Do you have challenges bringing your dog to the vet, and if you have, what are t

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  1. midget38 profile image87
    midget38posted 11 years ago

    Do you have challenges bringing your dog to the vet, and if you have, what are they?

  2. KellyG05030 profile image69
    KellyG05030posted 11 years ago

    My biggest problem is my dog interacting with other dogs we may run into at the Vet's office.  For example, on my last visit to get Anakin his yearly shots, we had a run-in of sorts.  Anakin is a Siberian Husky and will be 9 in April.  He's a complete Alpha Male, and other dogs tend to feel threatened by him even though he's not normally aggressive.  My husband had Anakin on his leash, sitting next to him while we waited.  A gentleman who was paying for services at the counter had a Golden Retriever with him.  This dog did not like Anakin one bit; he was growling and snarling as well as showing his teeth at Anakin, who just sat there watching the show.  Well, this gentleman says, "Boy, my dog really isn't like this, he likes everyone!"  And he proceeds to walk his dog over to us.  The dog gets near me and starts barking furiously and snapping.  Anakin just looked at him until the man brought the dog closer to me, then Anakin stood up.  My husband had to ask the man to back up and keep his dog back.  Again, Anakin's not normally aggressive, but he is all about his Mom!  I've no doubt in my mind there would have been a fight.  Is that normal practice??  Do you have to try and make your dogs be friends??  I blame nothing on the dog, he felt threatened by Anakin (who by the way is big for a Husky).  The man was floored that we asked him to keep his dog back.

    1. jandee profile image80
      jandeeposted 11 years agoin reply to this

      You were absolutely correct. He had no right to push into your space without your okay about it. Your boy was doing his job,same when parents let their children come running up to say hello. It is not a wise thing to do.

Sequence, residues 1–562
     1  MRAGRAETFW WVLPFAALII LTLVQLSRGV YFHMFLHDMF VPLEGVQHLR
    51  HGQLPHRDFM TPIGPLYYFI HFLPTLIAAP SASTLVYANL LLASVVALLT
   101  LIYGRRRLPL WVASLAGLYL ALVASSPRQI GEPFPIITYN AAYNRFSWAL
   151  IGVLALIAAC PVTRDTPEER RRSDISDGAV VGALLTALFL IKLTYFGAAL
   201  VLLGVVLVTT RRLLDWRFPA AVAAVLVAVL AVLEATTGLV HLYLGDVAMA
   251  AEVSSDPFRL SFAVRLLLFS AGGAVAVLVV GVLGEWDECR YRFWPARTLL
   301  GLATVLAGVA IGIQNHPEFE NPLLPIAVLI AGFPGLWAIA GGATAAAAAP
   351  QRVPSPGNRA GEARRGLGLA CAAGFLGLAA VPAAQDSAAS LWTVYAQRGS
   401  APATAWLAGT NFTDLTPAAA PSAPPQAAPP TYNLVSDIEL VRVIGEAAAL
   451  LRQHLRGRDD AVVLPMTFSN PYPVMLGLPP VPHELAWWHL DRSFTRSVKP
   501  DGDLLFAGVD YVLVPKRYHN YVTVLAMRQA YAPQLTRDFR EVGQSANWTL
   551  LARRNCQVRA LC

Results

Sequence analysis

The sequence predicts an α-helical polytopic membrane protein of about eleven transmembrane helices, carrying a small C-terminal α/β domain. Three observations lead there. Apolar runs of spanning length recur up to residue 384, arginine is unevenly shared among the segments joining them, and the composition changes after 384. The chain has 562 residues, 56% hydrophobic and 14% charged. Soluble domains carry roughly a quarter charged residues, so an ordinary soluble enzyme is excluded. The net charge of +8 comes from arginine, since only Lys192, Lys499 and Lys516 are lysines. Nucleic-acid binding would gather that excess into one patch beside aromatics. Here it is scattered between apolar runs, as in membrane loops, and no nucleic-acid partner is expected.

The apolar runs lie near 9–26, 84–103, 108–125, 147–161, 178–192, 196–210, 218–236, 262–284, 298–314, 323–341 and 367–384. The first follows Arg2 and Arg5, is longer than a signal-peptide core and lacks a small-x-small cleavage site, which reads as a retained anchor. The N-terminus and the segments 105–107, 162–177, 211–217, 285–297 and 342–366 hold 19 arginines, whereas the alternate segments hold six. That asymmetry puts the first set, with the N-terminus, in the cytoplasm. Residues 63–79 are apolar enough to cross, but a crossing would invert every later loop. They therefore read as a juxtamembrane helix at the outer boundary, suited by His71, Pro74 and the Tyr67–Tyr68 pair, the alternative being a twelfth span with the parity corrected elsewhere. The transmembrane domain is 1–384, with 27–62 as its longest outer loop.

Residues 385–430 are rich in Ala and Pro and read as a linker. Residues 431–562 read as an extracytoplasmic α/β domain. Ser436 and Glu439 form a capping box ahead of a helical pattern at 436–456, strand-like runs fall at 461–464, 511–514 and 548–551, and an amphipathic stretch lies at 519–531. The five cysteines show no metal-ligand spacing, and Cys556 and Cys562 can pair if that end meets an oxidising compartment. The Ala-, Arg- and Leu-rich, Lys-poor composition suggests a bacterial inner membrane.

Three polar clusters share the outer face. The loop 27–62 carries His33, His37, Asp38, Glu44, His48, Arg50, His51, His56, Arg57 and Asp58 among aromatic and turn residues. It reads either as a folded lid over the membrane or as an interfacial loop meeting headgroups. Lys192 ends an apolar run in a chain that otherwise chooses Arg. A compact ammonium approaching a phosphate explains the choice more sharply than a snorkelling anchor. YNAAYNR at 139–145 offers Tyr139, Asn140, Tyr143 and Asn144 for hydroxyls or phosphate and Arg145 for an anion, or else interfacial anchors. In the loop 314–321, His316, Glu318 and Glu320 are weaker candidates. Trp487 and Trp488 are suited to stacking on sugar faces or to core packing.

2. KellyG05030 profile image69
      KellyG05030posted 11 years agoin reply to this

      So very true about kids!  It's hard to make people understand that just because he's lovey and comfortable with us does not mean your kids should run over and try to pet him!

    3. midget38 profile image87
      midget38posted 11 years agoin reply to this

      You did the right thing indeed. If not, things might have gotten out of hand.

  3. moonfairy profile image72
    moonfairyposted 11 years ago

    yes! We have a 9 year old golden retriever and he shakes so badly just during the car ride!!! Once there and on leash he runs all over the place and then drags me up the stairs to the door (he's 85 lbs and I'm only 100). When he gets inside he jumps on me and wraps his paws around my waist as if to plead with me to not leave him there! If there are any other dogs in the waiting room it gets even more interesting because he's dog aggressive......so needless to say, I usually have my husband bring him to the vet and then I volunteer to pick him up, because that's the easy part...LOL!!

    1. KellyG05030 profile image69
      KellyG05030posted 11 years agoin reply to this

      I actually laughed out loud reading this, moonfairy!  I know it doesn't feel very funny when it's going on, but it's great to read about it!!

    2. moonfairy profile image72
      moonfairyposted 11 years agoin reply to this

      I laugh too, and it begins as soon as I see him shaking.....I can't help it!!

  4. lrc7815 profile image82
    lrc7815posted 11 years ago

    Yes, even with a dog that weighs less than 20 pounds, vet trips are traumatic.  My 10 year old Italian Greyhound freaks out in the car.  I hae never decided whether it's the motion or the noise from the engine but she is an absolute wreck in the car.  It's almost embarrassing that it takes two adults to take a small dog to the vet but it's true.  The worst part is that I have to admit that I love her so much that I put off vet trips to avoid putting her through the trauma.

  5. alexadry profile image95
    alexadryposted 11 years ago

    My female does well going in the vet's office but is terrorized of shots, she'll yelp as if they're stabbing her. A chihuahua looks like a hero compared to her and she's a 90 lbs Rottie! I wrote a hub not too long ago on how we worked on it to make things better. Now, she cares less about it. When I worked as a vet assistant, the biggest challenges were fearful dogs who just froze and didn't want to move. Some went into fight mode if they were terrified enough.

 
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